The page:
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Hazardous waste incineration - Limiting emissions into water

The European Commission has put forward a proposal for an amendment to the 1994 Council Directive on the Incineration of Hazardous Waste. The existing legislation lays down very strict limit values for emissions of heavy metals and dioxins into the air. The proposed amendment ...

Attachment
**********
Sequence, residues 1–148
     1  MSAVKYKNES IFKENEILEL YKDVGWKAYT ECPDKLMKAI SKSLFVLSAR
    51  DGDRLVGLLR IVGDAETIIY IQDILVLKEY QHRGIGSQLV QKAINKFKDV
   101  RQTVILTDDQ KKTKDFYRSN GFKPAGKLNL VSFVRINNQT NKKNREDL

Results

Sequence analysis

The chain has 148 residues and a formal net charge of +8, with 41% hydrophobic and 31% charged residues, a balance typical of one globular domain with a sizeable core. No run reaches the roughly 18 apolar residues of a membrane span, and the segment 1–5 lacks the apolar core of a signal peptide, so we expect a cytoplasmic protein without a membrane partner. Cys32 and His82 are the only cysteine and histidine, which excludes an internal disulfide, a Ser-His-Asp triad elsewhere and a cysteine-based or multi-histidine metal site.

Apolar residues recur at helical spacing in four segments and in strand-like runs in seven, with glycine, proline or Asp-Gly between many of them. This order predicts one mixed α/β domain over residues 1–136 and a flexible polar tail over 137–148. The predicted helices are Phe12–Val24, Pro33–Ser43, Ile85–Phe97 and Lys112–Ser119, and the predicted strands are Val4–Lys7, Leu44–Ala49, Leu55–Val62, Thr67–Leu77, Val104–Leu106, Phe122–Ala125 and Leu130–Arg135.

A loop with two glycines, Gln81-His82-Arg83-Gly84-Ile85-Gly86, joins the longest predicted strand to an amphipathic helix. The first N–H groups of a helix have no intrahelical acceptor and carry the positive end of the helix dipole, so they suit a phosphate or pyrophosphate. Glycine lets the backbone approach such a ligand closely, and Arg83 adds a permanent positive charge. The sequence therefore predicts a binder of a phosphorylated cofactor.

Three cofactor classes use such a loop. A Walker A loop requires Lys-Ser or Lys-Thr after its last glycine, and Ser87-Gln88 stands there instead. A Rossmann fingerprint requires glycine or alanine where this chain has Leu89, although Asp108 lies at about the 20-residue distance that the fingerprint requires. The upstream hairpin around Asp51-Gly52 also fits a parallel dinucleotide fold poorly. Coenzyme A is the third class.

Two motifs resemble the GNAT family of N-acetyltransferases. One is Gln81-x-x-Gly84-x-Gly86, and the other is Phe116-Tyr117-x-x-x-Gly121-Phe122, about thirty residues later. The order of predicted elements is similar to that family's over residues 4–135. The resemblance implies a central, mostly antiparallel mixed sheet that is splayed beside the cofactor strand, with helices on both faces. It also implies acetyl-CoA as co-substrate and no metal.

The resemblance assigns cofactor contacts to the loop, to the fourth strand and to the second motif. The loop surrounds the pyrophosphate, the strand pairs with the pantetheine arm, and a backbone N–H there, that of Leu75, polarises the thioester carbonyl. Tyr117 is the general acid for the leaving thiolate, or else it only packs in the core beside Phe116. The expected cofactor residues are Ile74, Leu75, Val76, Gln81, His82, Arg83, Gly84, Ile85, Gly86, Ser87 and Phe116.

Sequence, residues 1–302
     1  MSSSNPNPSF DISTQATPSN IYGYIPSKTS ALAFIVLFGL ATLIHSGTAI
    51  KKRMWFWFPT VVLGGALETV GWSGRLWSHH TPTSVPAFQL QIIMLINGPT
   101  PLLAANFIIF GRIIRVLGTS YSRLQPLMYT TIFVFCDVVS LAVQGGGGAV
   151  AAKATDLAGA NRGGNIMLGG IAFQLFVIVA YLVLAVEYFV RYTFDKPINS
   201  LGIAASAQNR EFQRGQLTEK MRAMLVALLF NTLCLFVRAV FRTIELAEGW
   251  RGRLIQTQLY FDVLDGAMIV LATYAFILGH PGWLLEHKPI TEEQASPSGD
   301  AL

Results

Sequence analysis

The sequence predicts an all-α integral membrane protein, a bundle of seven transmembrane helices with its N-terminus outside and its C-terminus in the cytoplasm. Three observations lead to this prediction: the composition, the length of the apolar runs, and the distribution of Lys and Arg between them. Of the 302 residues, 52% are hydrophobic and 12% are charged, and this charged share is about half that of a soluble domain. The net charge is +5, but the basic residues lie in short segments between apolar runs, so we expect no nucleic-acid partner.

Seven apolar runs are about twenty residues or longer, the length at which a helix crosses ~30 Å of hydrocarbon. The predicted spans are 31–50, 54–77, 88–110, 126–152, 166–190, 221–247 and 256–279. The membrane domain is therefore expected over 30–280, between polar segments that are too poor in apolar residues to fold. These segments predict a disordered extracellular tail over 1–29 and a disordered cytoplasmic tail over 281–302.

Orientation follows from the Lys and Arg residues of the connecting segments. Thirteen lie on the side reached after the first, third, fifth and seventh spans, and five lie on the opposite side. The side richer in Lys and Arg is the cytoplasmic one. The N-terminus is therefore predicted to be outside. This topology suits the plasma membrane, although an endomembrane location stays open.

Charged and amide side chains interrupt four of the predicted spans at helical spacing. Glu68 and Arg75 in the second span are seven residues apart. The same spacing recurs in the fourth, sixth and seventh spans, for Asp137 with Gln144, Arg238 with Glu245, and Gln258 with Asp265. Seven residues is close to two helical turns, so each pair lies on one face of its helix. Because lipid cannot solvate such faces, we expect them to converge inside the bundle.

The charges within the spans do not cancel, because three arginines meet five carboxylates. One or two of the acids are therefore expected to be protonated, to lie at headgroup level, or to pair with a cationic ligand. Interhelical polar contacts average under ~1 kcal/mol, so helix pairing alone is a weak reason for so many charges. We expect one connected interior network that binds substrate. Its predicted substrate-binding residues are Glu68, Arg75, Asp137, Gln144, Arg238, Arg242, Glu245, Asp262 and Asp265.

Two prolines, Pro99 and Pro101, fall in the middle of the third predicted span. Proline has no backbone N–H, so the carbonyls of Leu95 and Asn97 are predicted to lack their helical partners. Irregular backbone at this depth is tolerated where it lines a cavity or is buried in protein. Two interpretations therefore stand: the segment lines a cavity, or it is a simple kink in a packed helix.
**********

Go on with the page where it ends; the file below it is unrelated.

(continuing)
The European Commission has put forward a proposal for an amendment to the 1994 Council Directive on the Incineration of Hazardous Waste. The existing legislation lays down very strict limit values for emissions of heavy metals and dioxins into the air. The proposed amendment seeks to limit the emissions into water of these toxic substances. In particular, the proposal restricts the release of cadmium and mercury compounds and dioxins to the technically feasible minimum, in order to protect human health and the environment. The proposal from the Commission sets specific emission limit values for the pollutants contained in the waste water generated by the exhaust gas cleaning systems of plants for the incineration of hazardous waste. Discharges into the aquatic environment of waste water must be limited as far as possible. The proposal sets out the strict conditions under which such discharges can take place. It also provides the necessary provisions for monitoring of emissions by sampling and analysis, as well as ensuring that the principle of non-transfer of pollution from air to water is respected. The proposed limit values (monthly average) are as follows: mercury compounds - 0.01 mg/l; cadmium compounds - 0.02 mg/l; dioxins - 0.5 mg/l. For a series of ten other heavy metals and their compounds also covered by the proposal the total limit is 5 mg/l. Cadmium and mercury compounds and dioxins are amongst the most toxic substances for ecosystems and human beings. The effects of dioxins are well known, in particular since the Seveso accident in Italy in 1976. They affect the central nervous system, cause liver damage and chloracne. Heavy metals, such as mercury and cadmium, accumulate in the biosphere and in the kidneys and liver and can cause severe damage to these organs. The effects of mercury have been well known since the so called "Minimata-disease" (named after a fishing village in Japan), where mercury accumulated in fish and caused paralysing effects and severe defective vision when consumed by the local population. The proposed amendment therefore represents an important step forward in the protection of human health and the aquatic environment.

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